What Gene Tests like 23andMe Miss When it Comes To Your Health
If you’ve never heard of services like 23andMe, it’s easy to understand right off the bat why they’re so appealing. Genetic testing services like these began as a fun, harmless way for customers to trace their ancestry; they rose in popularity due to the convenience of the testing (all you have to do is provide a saliva sample, send it to a predetermined address, and wait to receive your results), in addition to the interesting ancestry results they provided (you might be surprised to find that your Irish background is actually Irish, German, and Baltic). Over time, however, the scope of these genetic services has gone far beyond fun and innocuous ancestry results.
DIY Genetic Health Profiles
23andMe, along with its competitors, have evolved to provide far more than ancestry results. Nowadays, their testing packages also include “comprehensive” screening which, according to their website, enables customers to “get a more complete picture of your health with insights from your genetic data.”
At face value, this might sound fantastic; after all, with rising costs of primary care and insurance premiums, paying $200 for comprehensive genetic testing sounds like a steal, right?
Unfortunately, the reality isn’t that simple, and it’s important to consider both the scientific reality and security concerns that come with commodified, on-demand genetic testing like this.
The Privacy Issue
When you provide your genetic information to a commercial business like 23andMe, those privacy regulations don’t apply in the same way that they would at a doctor’s office or hospital.
In fact, 23andMe is currently being investigated by the Federal Trade Commission for their policies regarding sharing genetic data with third parties. If you wish to participate in a program through 23andMe or another one of its competitors, proceed with caution and understanding that your genetic information isn’t protected by the same rules as it would be in a medical setting.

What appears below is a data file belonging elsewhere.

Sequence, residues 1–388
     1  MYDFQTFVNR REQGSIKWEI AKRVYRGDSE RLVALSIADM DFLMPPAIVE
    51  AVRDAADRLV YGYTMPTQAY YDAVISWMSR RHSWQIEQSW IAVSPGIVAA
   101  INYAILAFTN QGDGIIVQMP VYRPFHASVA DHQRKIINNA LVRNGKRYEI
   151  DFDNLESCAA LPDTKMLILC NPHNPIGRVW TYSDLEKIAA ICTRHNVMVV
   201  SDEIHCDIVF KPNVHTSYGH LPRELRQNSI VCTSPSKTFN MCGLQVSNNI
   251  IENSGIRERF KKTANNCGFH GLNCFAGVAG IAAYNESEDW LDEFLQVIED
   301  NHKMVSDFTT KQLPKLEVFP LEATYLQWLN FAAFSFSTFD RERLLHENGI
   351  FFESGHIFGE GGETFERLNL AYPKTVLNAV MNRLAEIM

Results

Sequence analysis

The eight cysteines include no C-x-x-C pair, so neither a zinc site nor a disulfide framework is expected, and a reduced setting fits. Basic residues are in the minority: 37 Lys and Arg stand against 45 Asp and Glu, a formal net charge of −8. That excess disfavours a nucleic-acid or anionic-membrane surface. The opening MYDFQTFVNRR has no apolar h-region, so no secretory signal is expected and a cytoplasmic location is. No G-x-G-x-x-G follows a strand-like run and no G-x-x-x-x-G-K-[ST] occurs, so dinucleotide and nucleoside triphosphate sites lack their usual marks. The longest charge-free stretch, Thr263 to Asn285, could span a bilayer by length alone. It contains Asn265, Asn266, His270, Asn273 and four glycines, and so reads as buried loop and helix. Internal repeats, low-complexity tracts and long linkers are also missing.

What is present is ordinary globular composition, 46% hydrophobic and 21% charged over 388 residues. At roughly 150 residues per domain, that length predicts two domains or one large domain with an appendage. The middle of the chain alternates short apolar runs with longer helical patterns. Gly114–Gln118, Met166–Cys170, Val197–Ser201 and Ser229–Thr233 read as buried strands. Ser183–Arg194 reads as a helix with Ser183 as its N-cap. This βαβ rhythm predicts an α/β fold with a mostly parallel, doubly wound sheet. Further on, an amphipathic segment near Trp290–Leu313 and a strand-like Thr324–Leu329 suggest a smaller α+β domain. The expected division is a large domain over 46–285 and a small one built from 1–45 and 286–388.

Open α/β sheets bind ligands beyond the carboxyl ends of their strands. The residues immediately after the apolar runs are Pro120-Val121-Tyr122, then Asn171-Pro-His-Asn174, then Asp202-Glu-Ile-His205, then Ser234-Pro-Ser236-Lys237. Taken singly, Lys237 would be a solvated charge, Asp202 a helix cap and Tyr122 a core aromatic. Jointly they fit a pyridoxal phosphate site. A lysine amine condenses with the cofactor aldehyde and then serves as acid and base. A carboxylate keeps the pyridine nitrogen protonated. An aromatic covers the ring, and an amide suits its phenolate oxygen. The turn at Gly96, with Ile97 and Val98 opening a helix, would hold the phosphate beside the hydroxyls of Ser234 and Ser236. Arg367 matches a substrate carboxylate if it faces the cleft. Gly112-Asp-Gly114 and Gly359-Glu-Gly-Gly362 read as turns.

A physician can not only conduct comprehensive health screenings and lab tests, but interpret those test results and make diagnoses accordingly. 23andMe can do none of those things. If you do receive a 23andMe test result that claims you have X or Y predisposition to a specific medical condition, you’ll still have to visit a physician, receive medically-approved testing, and undergo all of the standard medical processes in order to obtain a diagnosis or treatment. 23andMe does not offer medically useful information, medical advice, diagnoses, or anything else that can be materially helpful for your treatment or quality of life.
If you do have interest in utilizing a service like 23andMe, do so understanding that it cannot replace medical testing or medical advice.
Though services like 23andMe have taken the world by storm, they come with a series of health and security concerns that should not be taken lightly by those interested in using them. If you have curiosities or concerns about your genetic predispositions, symptoms, or any other health questions, the best thing you can do is undergo specialized lab testing with a physician. To learn more about what you can expect from lab testing, click here.
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